By Dr Bill Beal *

Not since the invention of a hip height stick has anything preoccupied Angus breeders as much as their current infatuation with scrotal circumference.

The most discouraging part of this ‘fad’ is that most of the attention has been focused on the wrong message related to scrotal circumference.

In practice, a bull’s scrotal circumference is the most easily measured estimate of his daily sperm production.  As such, it has appropriately been designated as one of the components of a bull breeding soundness exam.  The size of the scrotum is also positively correlated with the percentage of normal sperm and motility of sperm in the ejaculate of a yearling bull.  These relationships are what make the measurement of scrotal circumference and the selection of bulls with adequate scrotal circumference important in a breeding program.

A secondary and far less important byproduct of selection of males based on actual scrotal circumference or scrotal circumference EPD is the correlation between a sire’s yearling scrotal circumference and the age of puberty of his daughters.  Simply put, bulls with larger testicles at one year of age tend to sire daughters that reach puberty (begin cycling) earlier.  However, this facet of selection for larger scrotal circumference is of secondary importance for two reasons:

1) the magnitude of this effect is very small and
2) a relationship between scrotal circumference and daughters’ age of puberty should NOT be construed to be a direct indicator of the daughters’ potential ‘fertility’.

The point to be made is that by far the best use of actual scrotal circumference measurements on a bull are to insure that he has adequately sized testes to make him a satisfactory breeder.  The scrotal circumference EPD is also the best indicator of a bull’s genetic potential to sire sons with larger or smaller testicles than the breed average. And finally, the bull’s actual scrotal circumference and scrotal EPD have a direct bearing on one reproductive trait in their daughters:  age at which they reach puberty.  The following paragraphs provide the information that explain these concepts and present a justifiable strategy that includes selection of sires based on scrotal circumference or scrotal circumference EPD.


To be a successful breeder a bull must detect and successfully breed females in heat which includes delivering an adequate number of motile, morphologically-normal sperm to achieve acceptance pregnancy rates.  The Breeding Soundness Exam (BSE) devised by the Society for Theriogenology is designed to identify bulls which are most likely to be satisfactory breeders by measuring their scrotal circumference, estimating the motility of ejaculated sperm, and evaluating the percentage sperm in the ejaculate that appear normal in shape.  To be classified as a good potential breeder a yearling bull must be in good general health and exceed a threshold for each of these traits (> 30 cm scrotal circumference; > 50% sperm motility; > 70% normal sperm).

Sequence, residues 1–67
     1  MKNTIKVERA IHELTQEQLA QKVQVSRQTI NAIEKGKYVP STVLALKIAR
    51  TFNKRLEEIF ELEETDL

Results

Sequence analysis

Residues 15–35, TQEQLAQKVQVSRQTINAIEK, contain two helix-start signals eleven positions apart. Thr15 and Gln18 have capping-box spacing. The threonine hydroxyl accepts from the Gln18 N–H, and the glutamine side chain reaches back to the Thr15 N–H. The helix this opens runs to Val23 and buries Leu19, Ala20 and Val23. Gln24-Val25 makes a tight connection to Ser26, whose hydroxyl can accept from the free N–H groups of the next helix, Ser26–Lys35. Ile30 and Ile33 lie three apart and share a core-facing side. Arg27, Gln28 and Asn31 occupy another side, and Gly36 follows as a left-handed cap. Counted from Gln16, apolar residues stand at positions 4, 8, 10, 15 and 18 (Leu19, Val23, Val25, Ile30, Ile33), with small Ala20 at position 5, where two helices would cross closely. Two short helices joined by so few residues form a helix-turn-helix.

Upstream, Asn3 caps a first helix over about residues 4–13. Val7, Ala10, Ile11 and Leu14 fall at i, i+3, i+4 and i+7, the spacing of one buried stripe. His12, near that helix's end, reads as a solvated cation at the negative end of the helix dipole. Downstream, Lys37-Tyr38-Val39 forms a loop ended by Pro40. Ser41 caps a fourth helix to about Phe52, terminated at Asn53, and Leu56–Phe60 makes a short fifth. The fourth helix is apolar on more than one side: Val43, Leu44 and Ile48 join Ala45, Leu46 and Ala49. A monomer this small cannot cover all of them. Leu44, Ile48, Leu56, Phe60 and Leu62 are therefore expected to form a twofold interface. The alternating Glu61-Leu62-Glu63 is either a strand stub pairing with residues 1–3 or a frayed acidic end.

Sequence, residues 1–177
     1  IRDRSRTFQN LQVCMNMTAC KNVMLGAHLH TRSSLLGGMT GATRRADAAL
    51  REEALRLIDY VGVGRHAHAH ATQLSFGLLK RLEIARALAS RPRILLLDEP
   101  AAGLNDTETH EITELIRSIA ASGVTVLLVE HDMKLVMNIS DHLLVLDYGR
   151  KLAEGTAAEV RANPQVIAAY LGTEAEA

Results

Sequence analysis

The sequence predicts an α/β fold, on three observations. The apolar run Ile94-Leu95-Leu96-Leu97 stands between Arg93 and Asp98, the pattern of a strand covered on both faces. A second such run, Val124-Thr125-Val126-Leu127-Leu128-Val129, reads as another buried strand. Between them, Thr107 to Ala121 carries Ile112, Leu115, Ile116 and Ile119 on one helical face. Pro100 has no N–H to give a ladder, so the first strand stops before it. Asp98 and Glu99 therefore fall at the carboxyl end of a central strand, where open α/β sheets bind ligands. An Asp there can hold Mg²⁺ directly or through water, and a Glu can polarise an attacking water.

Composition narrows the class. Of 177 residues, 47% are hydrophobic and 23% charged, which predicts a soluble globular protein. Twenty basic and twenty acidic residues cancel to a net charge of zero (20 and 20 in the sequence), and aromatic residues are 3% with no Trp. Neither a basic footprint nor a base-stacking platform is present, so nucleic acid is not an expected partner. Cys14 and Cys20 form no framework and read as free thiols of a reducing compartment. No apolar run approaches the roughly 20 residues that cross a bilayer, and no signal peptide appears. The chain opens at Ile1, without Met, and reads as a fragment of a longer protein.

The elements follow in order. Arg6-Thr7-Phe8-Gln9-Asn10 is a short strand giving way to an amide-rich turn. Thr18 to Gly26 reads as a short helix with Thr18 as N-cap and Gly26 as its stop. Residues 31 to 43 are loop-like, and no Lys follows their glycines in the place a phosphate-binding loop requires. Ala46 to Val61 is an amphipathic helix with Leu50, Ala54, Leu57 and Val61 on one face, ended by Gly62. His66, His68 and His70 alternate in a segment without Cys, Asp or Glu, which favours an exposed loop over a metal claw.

Scrotal circumference is a component of the BSE because it is easy to measure and it is highly correlated (.72 – .92) with daily sperm output in 12- to 18-month-old bulls.  Furthermore, the measurement of scrotal circumference in 18-month-old Hereford and Angus bulls explained 45% of the variation in sperm output when the same bulls were re-examined at 6 years of age.  Finally, the scrotal circumference measurements of yearling bulls are positively correlated with sperm motility and percent normal sperm.  Hence, scrotal circumference of a young bull directly and indirectly impacts his likelihood of passing all three components of the BSE.

Despite the positive relationships between scrotal circumference and semen traits, a consistent relationship between scrotal size and reproductive efficiency of bulls has been difficult to demonstrate. Researchers at the US Meat Animal Research Center reported that pregnancy rates in groups of 15-20 heifers single-sire mated for 45 days to yearling bulls with a small (< 28 cm; 54.6%) or moderate (28 – 32 cm; 63.6%) scrotal circumference were lower than pregnancy rates for groups mated to bulls with a larger (> 32 cm; 81.8%) scrotal circumference. On the other hand, several other studies have failed to demonstrate higher pregnancy rates for groups of cows bred by bulls with scrotal circumferences that differed, but were all above the minimum threshold recognized by the BSE.